Dongguan tea shopping

Photobucket

Upon the recommendation of Nicolas, I decided to venture up north to the heart of world manufacturing and to see the Dongguan tea markets for myself. Alas, I underestimated the difficulties of traveling in this part of the world, and by the time I arrived it was too late to go shopping. One meal and some food poisoning later, by the time I arrived there the next morning, I was really pretty sick, and I’m surprised I didn’t collapse while there.

From my research, Dongguan has two major tea markets, and a whole host of smaller collections of tea shops here and there. I decided to hit up the older, and larger market in Wanjiang district. It’s about 15-20 minutes from town center, depending on where you are and the traffic, which, at times, can be quite bad. The day was rainy, and cold, and generally rather unpleasant. I only took one overexposed picture while there, since I was basically in no mood to do so, and the scenery was depressing.

As is rather common today in China, many of these places have extremely wide roads, with shops on both sides. Here, the teashops are generally one story, and are basically uninterrupted for a few blocks in each direction. The first rule of shopping in places like this, especially if you’re low on time, is not to walk into stores that look uninteresting, which basically means don’t walk into almost all of them. They all have the same features – puerh cakes lined up on one side, big bags (5kg bags, or some variation of it) of tieguanyin or other Fujian oolong on the other side, vacuum sealed. In the middle area between the two walls, there are usually shelves full of either teaware, pots, tables, or more tea. Or there might be boxes or jians of puerh, or other types of loose tea (although you can imagine what it does to the tea’s quality in this super-damp environment). The back wall usually has a tea table set up, with a very, very bored looking young person, often a female, but sometimes male, staring blankly out onto the street, backed by a wall of puerh cakes encased in either glass or, more likely, yellowed plexiglass and set in these yellow artificial silk lined boxes. Even though these cakes are supposedly the more “exotic” or higher valued cakes, often times they’re just more run of the mill puerh cakes of no discernable value.

It is not impossible to find value in these shops. But if you’re pressed for time, that’s not the best way to spend time in a tea market. Instead, look for shops that seems specialized in one particular type of tea, whatever it is that you’re looking for. For tieguanyin, stores that only sell tieguanyin is likely to have more interesting stuff.  Likewise, for puerh, if you want old tea, go to a store that seems to only sell that. For younger tea, you can always spot the top end young tea stores pretty easily, especially if they press their own cakes.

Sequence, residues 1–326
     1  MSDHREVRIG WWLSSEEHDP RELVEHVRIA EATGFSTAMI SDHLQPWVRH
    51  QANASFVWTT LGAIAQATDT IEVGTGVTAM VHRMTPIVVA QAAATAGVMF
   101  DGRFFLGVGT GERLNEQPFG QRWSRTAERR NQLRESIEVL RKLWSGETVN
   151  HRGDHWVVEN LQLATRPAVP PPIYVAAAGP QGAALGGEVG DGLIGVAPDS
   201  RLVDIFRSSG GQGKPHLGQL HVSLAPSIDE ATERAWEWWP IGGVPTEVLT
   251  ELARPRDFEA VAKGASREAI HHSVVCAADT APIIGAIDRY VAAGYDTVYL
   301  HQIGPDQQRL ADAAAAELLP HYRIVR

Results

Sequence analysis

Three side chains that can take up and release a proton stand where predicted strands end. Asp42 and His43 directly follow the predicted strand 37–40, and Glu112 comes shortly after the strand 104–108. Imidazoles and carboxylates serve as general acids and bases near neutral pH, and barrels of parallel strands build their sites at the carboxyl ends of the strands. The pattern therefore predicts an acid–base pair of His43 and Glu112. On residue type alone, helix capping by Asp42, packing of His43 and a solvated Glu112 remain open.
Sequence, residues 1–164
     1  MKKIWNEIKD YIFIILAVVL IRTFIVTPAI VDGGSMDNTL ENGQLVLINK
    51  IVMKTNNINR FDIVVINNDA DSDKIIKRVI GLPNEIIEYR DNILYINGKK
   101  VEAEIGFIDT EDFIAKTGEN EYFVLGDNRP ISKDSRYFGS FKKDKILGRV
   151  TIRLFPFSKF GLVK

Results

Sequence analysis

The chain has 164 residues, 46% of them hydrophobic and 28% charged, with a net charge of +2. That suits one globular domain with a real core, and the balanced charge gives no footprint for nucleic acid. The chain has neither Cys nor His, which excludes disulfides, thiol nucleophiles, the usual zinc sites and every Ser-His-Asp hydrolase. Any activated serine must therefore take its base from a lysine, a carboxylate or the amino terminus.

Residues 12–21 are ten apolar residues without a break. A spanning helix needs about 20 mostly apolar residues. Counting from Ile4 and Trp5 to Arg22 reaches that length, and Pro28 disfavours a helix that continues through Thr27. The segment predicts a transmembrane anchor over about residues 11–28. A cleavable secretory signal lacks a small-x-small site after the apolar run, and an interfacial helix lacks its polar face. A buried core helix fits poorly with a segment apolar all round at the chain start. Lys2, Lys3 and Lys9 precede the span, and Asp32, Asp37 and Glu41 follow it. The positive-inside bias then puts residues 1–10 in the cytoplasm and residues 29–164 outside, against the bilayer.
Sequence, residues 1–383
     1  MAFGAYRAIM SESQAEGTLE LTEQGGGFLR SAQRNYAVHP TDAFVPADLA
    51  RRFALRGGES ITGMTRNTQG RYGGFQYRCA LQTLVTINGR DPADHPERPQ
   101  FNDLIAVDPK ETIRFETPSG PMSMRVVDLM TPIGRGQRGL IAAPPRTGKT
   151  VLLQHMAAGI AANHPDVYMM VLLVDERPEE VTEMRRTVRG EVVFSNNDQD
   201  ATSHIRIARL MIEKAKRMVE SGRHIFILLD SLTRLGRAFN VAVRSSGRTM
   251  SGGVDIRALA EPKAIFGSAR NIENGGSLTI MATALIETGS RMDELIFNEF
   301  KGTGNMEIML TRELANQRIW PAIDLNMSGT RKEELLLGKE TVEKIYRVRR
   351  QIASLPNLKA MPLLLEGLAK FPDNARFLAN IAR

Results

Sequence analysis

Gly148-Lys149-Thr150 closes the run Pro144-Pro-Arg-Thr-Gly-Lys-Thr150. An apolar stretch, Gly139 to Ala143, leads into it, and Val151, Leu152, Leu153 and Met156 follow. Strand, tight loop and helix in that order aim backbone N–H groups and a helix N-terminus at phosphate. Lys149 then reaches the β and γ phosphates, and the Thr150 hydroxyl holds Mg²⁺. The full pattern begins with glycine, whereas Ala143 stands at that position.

So after having spent about 20 minutes just wandering around, I finally did end up in one store that seems to do their own pressing of young puerh, focusing on Yiwu and Jingmai, two of the most interesting tea mountains. The boss wasn’t there, and only a young male shopkeeper who said he’s from Yunnan was there. They had a number of cakes, although most of them they only had a handful left – the rest were all sold out. What remains are the lower end stuff, which, although not cheap (180-200 RMB a cake) are really not very interesting. Because of my health limitations that day, I only tried one tea, which I eventually bought a cake of – a Jingmai old tree tea, which is very potent, good, and interesting. I need to try it again, but I think this year once their spring tea arrives, I may head back up to Dongguan and buy some more of this. Although it’s not cheap at over 400 RMB a cake, it is, I think, worth the price of admission.

By the time I had a few cups of this tea, I was starting to really feel the effects this had on me, and the general situation was so that I had to go back to the hotel to lie down. It’s too bad I couldn’t spend more time at the tea market there, as I’m sure there are other stores that will present items of interest. Oh well, it’s only about two hours away, and there’s always next time.


Comments

Dongguan tea shopping — 6 Comments

  1. I wonder how much good tea and teaware can be found in relatively smaller markets. My first, and favourite Yixing teapot was purchased in Changchun, a large, quite industrial city in northern China. After scouring Yixing itself several times, as well as larger tea malls in more affluent Chinese cities, I still can’t find anything I like as much.

    • With Yixing the Longjing rule very much applies – don’t bother going to Yixing, methinks, unless you have reliable local connections. There can be a lot of decent stuff in these places, but unless you have oodles of time to explore, usually you won’t be able to dig up much.

      • Unlike when shopping for tea, I’m not really looking for the highest quality pots. Definitely not “master’s pots,” which often aren’t appropriate for gongfu brewing. I’m really just looking for something with good clay, that I like, ideally, something that has sat on the shelf a little while because it’s not appreciated (that’s my sentimental criteria). Teapots in Yixing are much cheaper than similar pots in large cities though.

  2. Pingback: Priced for gifting | A Tea Addict's Journal

Leave a Reply